Intraoperatively, all patients undergoing general anesthesia underwent uneventful induction. One patient required inotropic and vasopressor support during decortication for empyema, and two patients required exogenous blood products during three procedures (plication of a bleeding gastric ulcer, sternal debridement, and LVAD pocket debridement). Four patients became hypotensive with decreases in LVAD flow while being placed in the lateral decubitus position, and two patients became hypotensive during intraoperative hemorrhage (bleeding gastric ulcer and LVAD pocket debridement). Aggressive fluid therapy (and in one case vasopressor therapy) was successful in reestablishing hemodynamic stability in all cases. Minor problems encountered were abrupt power loss due to LVAD battery exhaustion and electrocautery-induced sensor interference with the LVAD in the “auto” mode. There were no perioperative complications or deaths.
In our experience, patients on LVAD support tolerated general surgical procedures without perioperative morbidity or mortality.27 Special considerations do need to be made in order for these patients to successfully undergo noncardiac surgical procedures. First, since right ventricular and subsequent LVAD output are dependent on preload, patients should be well hydrated before the induction of anesthesia to decrease the risk of hypotension from venous pooling. Particular attention should also be paid to the effects of intraoperative positioning on LVAD flow. Second, transport and preoperative preparation should be expedited in order to limit the period of time that the device is disconnected from the AC power source, and the device should be placed in the fixed-rate mode to avoid electrocautery-induced sensor interference. Finally, conventional anesthetic induction and maintenance protocols can be used, often without invasive monitoring, since the LVAD facilitates intraoperative fluid management by providing a continuous measure of cardiac output.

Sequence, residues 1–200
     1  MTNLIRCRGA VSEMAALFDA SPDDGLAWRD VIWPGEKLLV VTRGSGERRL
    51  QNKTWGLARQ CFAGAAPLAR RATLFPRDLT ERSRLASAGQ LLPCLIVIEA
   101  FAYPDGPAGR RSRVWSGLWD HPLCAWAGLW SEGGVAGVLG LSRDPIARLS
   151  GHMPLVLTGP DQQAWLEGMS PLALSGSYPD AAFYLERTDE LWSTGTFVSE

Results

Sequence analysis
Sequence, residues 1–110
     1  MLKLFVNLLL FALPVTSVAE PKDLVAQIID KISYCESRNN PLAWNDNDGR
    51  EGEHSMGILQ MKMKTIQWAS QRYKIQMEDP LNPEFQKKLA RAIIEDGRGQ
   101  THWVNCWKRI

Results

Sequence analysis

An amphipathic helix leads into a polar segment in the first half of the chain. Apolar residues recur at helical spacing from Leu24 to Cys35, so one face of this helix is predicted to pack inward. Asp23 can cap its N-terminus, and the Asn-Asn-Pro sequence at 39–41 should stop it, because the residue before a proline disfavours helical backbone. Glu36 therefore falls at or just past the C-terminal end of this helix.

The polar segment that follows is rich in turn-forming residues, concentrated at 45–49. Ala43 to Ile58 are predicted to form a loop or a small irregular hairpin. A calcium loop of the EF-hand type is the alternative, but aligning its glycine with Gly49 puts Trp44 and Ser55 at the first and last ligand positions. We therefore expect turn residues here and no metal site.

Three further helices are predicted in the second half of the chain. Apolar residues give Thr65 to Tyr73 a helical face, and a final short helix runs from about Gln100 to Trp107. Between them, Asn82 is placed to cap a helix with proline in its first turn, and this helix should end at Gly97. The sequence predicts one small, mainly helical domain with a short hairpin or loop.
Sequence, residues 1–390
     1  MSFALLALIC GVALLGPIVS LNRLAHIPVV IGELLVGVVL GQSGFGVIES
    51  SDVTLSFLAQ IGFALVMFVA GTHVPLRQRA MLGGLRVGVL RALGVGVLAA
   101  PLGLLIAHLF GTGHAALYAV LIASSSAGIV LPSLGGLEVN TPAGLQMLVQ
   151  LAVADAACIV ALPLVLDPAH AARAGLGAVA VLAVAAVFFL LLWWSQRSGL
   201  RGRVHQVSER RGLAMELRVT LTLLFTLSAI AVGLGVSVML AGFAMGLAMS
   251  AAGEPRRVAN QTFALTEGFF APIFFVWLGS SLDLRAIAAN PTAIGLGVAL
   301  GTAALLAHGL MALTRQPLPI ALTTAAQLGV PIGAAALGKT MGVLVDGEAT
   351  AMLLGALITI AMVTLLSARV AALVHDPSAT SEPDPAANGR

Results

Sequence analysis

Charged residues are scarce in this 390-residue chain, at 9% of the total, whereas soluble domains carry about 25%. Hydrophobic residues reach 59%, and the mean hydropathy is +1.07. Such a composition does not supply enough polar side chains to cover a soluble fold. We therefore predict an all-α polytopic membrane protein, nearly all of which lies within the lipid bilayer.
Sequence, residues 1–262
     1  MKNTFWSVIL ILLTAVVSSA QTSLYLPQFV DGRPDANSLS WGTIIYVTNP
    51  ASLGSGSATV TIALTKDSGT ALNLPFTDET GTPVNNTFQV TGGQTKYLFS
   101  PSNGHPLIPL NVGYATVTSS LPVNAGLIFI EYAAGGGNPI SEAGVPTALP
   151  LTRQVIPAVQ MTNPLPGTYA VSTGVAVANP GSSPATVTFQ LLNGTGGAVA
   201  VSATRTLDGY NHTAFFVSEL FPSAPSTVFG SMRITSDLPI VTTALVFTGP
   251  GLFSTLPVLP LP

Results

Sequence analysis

As LVAD insertion becomes more common and LVAD recipients are discharged from the hospital setting, early mobilization and functional rehabilitation become essential components of perioperative care. The deleterious effects of bed rest are well described,28 29 and since LVADs are capable of maintaining adequate output during changes in heart rate and loading conditions, we use an aggressive program of postoperative cardiac rehabilitation in our LVAD recipients. Our physical therapy protocol is initiated in the ICU on the first postoperative day and continues until explantation. Initially, chest physiotherapy, range of motion exercises, and positioning techniques are implemented, and once the patients are hemodynamically stable (postoperative day 2 to 7), ambulation is initiated, usually while still in the ICU. Upon transfer from the ICU, our program focuses on the goals of functional independence in activities of daily living and hallway ambulation. Once the latter is achieved, patients undergo progressive conditioning in the gym on the treadmill and/or bicycle, which progresses using the Borg Scale of Perceived Exertion, aiming for a rating of 11 to 13 on the 6 to 20 scale.30 Of the first 53 LVAD recipients, 45 participated in progressive mobilization. Twenty-seven of these initiated ambulation between postoperative days 7 and 10, and 37 (82%) tolerated treadmill exercise. Factors that impaired patients' ability to achieve these goals included infection, neurological complications, reoperation, and prolonged inotropic support. In 2571 physical therapy sessions lasting 1814 hours, only 8 minor incidents (all involving decreases in pump flow) occurred, representing 4.4 incidents per 1000 patient-hours.31 There was no resultant morbidity or mortality.